Fatty acids are found in all the body cells as part of the cell membranes and play a major role in cell membrane stability, fluidity, and synaptic connectivity (Jicha and Markesbery, 2010). Fatty acid oxidation by free radicals results in cell membrane damage and has been postulated to contribute to the pathogenesis of AD, although other roles of unsaturated fatty acids such as lipid raft formation and maintenance of synaptic integrity and function have taken on a primary role in the hypothesis that supplementation with such agents may prevent or slow AD progression (Jicha and Markesbery, 2010). Docosahexaenoic acid (DHA) and eicosapentaenoic acid (EPA) are the major omega-3 fatty acids that have been studied in human clinical trials to date (Jicha and Markesbery, 2010). DHA is the most abundant omega-3 fatty acid in the brain. Polyunsaturated fatty acids (PUFAs) like DHA and EPA allow for lipid raft formation across their unsaturated moieties to absorb the oxidative stress of free radicals and increase cell membrane fluidity necessary for lipid raft creation and formation of effective synaptic contacts (Jicha and Markesbery, 2010). It is currently unclear what the best source of and or combination of specific omega-3 fatty acids might be for the prevention or treatment of AD and so many different sources and formulations have been tested in human clinical trials.

Fish oil, rich in omega-3 fatty acids, when consumed regularly has been found to lower the incidence of AD in epidemiologic studies (Jicha and Markesbery, 2010). Several of these studies have found confounders such as apolipoprotein E (ApoE) allele status and omega-6 intake that have limited the reliability of studies across cohorts (Jicha and Markesbery, 2010). Several studies have demonstrated a lack of association of omega-3 supplementation on a background of a diet high in omega-6 fatty acids, which act similarly to saturated fatty acids decreasing membrane fluidity in opposition to the effects of omega-3 fatty acids (Jicha and Markesbery, 2010). These data suggest that nutritional benefit may be overcome or canceled in the presence of negative dietary contributions. It is intriguing that the dramatic increase in the prevalence of AD over the last century not only parallels the increase in average lifespan, but also an increase from 2 to more than 20 of the ratio of omega-6 to omega-3 PUFAs in the average Western diet (Yehuda et al., 2005). ApoE status may be a further modulator of omega-3 benefit that is discussed further below.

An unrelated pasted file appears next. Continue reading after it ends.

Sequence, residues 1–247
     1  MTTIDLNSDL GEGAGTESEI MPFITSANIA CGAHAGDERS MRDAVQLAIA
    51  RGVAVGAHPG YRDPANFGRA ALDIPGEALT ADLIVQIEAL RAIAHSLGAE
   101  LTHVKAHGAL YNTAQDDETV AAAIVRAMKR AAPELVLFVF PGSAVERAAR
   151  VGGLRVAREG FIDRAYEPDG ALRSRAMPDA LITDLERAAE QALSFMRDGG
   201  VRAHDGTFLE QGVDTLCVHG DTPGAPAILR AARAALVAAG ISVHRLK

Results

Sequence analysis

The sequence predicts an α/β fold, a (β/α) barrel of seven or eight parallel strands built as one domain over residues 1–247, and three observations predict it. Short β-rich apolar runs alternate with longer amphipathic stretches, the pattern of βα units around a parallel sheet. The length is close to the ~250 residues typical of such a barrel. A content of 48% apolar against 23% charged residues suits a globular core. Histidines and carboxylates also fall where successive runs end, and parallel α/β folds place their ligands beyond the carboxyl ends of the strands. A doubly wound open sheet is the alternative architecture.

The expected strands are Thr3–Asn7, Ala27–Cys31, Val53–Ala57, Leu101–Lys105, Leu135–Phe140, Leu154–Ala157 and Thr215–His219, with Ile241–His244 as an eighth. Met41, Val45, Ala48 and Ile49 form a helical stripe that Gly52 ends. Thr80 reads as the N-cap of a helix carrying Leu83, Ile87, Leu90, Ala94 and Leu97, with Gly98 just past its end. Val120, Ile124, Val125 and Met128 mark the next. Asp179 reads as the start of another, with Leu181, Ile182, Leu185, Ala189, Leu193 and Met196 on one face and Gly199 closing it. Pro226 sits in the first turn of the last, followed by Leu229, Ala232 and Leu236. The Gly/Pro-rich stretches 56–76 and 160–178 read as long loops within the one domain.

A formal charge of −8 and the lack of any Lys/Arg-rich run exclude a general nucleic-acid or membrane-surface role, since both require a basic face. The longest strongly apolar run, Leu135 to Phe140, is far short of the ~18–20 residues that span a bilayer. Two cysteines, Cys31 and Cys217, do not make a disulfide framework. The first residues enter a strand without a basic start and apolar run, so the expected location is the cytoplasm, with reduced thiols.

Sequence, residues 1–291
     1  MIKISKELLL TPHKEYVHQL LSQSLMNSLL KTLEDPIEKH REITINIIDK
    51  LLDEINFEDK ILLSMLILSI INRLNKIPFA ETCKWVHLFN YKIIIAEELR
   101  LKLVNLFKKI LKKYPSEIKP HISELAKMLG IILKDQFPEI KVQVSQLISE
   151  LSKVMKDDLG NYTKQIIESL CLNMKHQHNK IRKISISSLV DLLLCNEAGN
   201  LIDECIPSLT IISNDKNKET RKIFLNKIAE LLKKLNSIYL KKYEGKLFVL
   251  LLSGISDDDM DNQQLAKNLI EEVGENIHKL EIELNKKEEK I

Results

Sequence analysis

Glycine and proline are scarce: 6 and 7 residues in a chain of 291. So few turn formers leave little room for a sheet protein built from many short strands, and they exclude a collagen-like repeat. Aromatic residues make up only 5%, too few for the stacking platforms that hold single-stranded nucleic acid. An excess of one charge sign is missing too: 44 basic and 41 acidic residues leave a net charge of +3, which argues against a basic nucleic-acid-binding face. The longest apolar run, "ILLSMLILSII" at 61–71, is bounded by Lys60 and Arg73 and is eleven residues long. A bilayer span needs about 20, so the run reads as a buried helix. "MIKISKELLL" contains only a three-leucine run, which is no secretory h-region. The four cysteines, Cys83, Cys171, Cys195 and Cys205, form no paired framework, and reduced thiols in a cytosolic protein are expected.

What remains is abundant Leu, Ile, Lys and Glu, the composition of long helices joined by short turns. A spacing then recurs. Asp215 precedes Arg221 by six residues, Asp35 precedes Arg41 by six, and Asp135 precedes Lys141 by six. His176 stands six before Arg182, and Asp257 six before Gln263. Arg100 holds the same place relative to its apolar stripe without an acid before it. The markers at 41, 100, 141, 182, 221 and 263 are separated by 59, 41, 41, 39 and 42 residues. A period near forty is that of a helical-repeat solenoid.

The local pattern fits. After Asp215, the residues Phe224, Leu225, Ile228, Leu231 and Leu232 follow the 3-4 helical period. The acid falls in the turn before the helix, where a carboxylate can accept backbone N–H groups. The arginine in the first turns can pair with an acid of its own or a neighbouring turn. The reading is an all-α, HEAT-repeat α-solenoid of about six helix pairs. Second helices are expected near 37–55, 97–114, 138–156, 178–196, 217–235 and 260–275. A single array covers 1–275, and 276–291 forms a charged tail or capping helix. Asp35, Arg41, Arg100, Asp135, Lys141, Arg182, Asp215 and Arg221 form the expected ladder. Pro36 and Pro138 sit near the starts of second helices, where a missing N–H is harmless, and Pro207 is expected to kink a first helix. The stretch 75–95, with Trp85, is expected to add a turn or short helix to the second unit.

Nonetheless, the epidemiologic and scientific data have led to several large scale clinical trials of omega-3 fatty acids in AD and in normal aging. The MIDAS study found that daily dietary supplementation with 900 mg of DHA produced 7 year age improvement in cognition over just 24 weeks as compared to placebo in elderly patients with cognitive decline (Yurko-Mauro et al., 2010). One large scale trial of fish oil supplementation in Europe showed potential benefit for only those subjects with Folstein Mini-Mental Status scores greater than or equal to 27 (Freund-Levi et al., 2006). Another large scale, multicenter, double-blind, randomized, placebo-controlled trial of high dose DHA supplementation failed to meet primary endpoints for success, but in preplanned secondary analysis a benefit was seen for subjects with mild to moderate AD who were negative for the ApoE ε4 allele (Quinn et al., 2010). The effect of ApoE ε4 responsible for negating the beneficial effects of omega-3 fatty acids is poorly understood, but has been seen in both epidemiologic studies and prospective clinical trials. Carriers of this allele appear to show no benefits of DHA supplementation. This could be due to differences in lipid transport mechanisms or to direct effects on β-amyloid production and clearance. The potential for prevention of AD with omega-3 fatty acid supplementation in non-carriers of the ApoE ε4 allele deserves further study as this population represents nearly 60% of those affected by AD (Jicha and Carr, 2010). Prevention or slowing of the disease process in even this subgroup of sporadic AD cases would have a major impact on the prevalence and health care cost burden associated with AD worldwide. While further work is clearly needed, our current data demonstrates that DHA is well tolerated and has not shown any significant adverse events in these studies and further large scale trials in both normal aging and AD are currently underway.

In addition to potential direct effects on neurodegeneration in AD, the benefits of omega-3 fatty acids for reducing cerebrovascular disease are widely recognized and may provide additional benefit in those suffering from AD, in whom cerebrovascular disease may be the most common comorbidity (Jicha and Carr, 2010). Omega-3 fatty acids reduce circulating cholesterol levels, inhibit systemic inflammation in the circulatory system and vasculature, and inhibit platelet aggregation (Jicha and Markesbery, 2010). The potency of such effects in limiting cognitive decline in AD patients with comorbid cerebrovascular disease may be fundamental for the benefit of omega-3 fatty acids seen in human studies. Further studies aimed at distinguishing direct effects on AD pathogenesis and those associated with the abrogation of cerebrovascular disease are needed to resolve this fundamentally important issue.

B Vitamins and Folate

Several studies have shown that elevated serum homocysteine levels and lower vitamin B12 levels are associated with an increased risk of AD (Seshadri et al., 2002; Morris, 2003, 2012; Malaguarnera et al., 2004). Serum folate levels have not shown the same association with AD (Morris, 2002). However, the association of folate with homocysteine metabolism is well known.